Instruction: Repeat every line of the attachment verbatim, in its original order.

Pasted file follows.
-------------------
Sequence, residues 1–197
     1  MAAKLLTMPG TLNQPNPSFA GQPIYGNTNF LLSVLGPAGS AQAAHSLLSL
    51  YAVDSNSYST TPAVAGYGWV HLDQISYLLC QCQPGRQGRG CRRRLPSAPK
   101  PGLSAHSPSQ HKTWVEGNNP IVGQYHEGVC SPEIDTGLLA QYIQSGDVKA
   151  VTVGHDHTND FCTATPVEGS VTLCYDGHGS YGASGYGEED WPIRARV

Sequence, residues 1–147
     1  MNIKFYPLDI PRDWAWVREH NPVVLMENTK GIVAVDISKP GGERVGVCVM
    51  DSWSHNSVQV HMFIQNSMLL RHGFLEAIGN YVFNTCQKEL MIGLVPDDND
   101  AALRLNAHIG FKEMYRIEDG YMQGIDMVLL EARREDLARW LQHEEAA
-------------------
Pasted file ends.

Sequence, residues 1–197
     1  MAAKLLTMPG TLNQPNPSFA GQPIYGNTNF LLSVLGPAGS AQAAHSLLSL
    51  YAVDSNSYST TPAVAGYGWV HLDQISYLLC QCQPGRQGRG CRRRLPSAPK
   101  PGLSAHSPSQ HKTWVEGNNP IVGQYHEGVC SPEIDTGLLA QYIQSGDVKA
   151  VTVGHDHTND FCTATPVEGS VTLCYDGHGS YGASGYGEED WPIRARV

Sequence, residues 1–147
     1  MNIKFYPLDI PRDWAWVREH NPVVLMENTK GIVAVDISKP GGERVGVCVM
    51  DSWSHNSVQV HMFIQNSMLL RHGFLEAIGN YVFNTCQKEL MIGLVPDDND
   101  AALRLNAHIG FKEMYRIEDG YMQGIDMVLL EARREDLARW LQHEEAA